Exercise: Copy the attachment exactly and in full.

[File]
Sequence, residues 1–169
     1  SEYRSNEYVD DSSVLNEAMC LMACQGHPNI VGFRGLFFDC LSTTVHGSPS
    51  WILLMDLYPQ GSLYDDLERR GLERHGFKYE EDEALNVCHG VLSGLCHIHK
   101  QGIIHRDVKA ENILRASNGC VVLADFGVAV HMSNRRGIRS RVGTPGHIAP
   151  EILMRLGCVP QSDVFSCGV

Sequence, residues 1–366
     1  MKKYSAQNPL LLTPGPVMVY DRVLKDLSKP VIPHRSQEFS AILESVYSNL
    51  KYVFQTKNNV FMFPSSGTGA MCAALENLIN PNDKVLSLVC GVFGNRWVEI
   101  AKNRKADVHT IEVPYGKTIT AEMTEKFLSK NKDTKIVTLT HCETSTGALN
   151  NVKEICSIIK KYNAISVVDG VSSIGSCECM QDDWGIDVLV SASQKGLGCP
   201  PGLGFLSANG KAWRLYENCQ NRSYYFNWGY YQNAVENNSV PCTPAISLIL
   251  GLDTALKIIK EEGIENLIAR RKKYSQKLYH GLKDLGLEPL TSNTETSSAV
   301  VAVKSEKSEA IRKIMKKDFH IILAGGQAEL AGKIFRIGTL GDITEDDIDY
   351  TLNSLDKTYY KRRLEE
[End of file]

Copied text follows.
Sequence, residues 1–169
     1  SEYRSNEYVD DSSVLNEAMC LMACQGHPNI VGFRGLFFDC LSTTVHGSPS
    51  WILLMDLYPQ GSLYDDLERR GLERHGFKYE EDEALNVCHG VLSGLCHIHK
   101  QGIIHRDVKA ENILRASNGC VVLADFGVAV HMSNRRGIRS RVGTPGHIAP
   151  EILMRLGCVP QSDVFSCGV

Sequence, residues 1–366
     1  MKKYSAQNPL LLTPGPVMVY DRVLKDLSKP VIPHRSQEFS AILESVYSNL
    51  KYVFQTKNNV FMFPSSGTGA MCAALENLIN PNDKVLSLVC GVFGNRWVEI
   101  AKNRKADVHT IEVPYGKTIT AEMTEKFLSK NKDTKIVTLT HCETSTGALN
   151  NVKEICSIIK KYNAISVVDG VSSIGSCECM QDDWGIDVLV SASQKGLGCP
   201  PGLGFLSANG KAWRLYENCQ NRSYYFNWGY YQNAVENNSV PCTPAISLIL
   251  GLDTALKIIK EEGIENLIAR RKKYSQKLYH GLKDLGLEPL TSNTETSSAV
   301  VAVKSEKSEA IRKIMKKDFH IILAGGQAEL AGKIFRIGTL GDITEDDIDY
   351  TLNSLDKTYY KRRLEE